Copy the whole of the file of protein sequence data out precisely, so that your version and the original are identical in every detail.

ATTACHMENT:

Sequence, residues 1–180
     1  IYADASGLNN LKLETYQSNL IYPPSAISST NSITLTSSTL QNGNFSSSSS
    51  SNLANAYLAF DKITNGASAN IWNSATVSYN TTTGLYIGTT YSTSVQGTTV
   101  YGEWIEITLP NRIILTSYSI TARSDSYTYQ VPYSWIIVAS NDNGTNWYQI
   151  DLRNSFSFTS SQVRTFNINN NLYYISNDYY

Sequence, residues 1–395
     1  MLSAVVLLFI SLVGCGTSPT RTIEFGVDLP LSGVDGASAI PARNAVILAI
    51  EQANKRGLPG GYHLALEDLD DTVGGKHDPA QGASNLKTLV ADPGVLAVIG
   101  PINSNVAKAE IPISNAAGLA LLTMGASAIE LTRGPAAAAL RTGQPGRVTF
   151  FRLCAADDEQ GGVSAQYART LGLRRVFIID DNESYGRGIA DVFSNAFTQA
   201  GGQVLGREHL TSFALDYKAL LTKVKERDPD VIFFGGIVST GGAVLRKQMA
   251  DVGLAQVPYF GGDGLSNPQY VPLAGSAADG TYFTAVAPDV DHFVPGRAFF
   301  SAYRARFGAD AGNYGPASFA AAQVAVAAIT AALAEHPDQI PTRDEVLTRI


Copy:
Sequence, residues 1–180
     1  IYADASGLNN LKLETYQSNL IYPPSAISST NSITLTSSTL QNGNFSSSSS
    51  SNLANAYLAF DKITNGASAN IWNSATVSYN TTTGLYIGTT YSTSVQGTTV
   101  YGEWIEITLP NRIILTSYSI TARSDSYTYQ VPYSWIIVAS NDNGTNWYQI
   151  DLRNSFSFTS SQVRTFNINN NLYYISNDYY

Sequence, residues 1–395
     1  MLSAVVLLFI SLVGCGTSPT RTIEFGVDLP LSGVDGASAI PARNAVILAI
    51  EQANKRGLPG GYHLALEDLD DTVGGKHDPA QGASNLKTLV ADPGVLAVIG
   101  PINSNVAKAE IPISNAAGLA LLTMGASAIE LTRGPAAAAL RTGQPGRVTF
   151  FRLCAADDEQ GGVSAQYART LGLRRVFIID DNESYGRGIA DVFSNAFTQA
   201  GGQVLGREHL TSFALDYKAL LTKVKERDPD VIFFGGIVST GGAVLRKQMA
   251  DVGLAQVPYF GGDGLSNPQY VPLAGSAADG TYFTAVAPDV DHFVPGRAFF
   301  SAYRARFGAD AGNYGPASFA AAQVAVAAIT AALAEHPDQI PTRDEVLTRI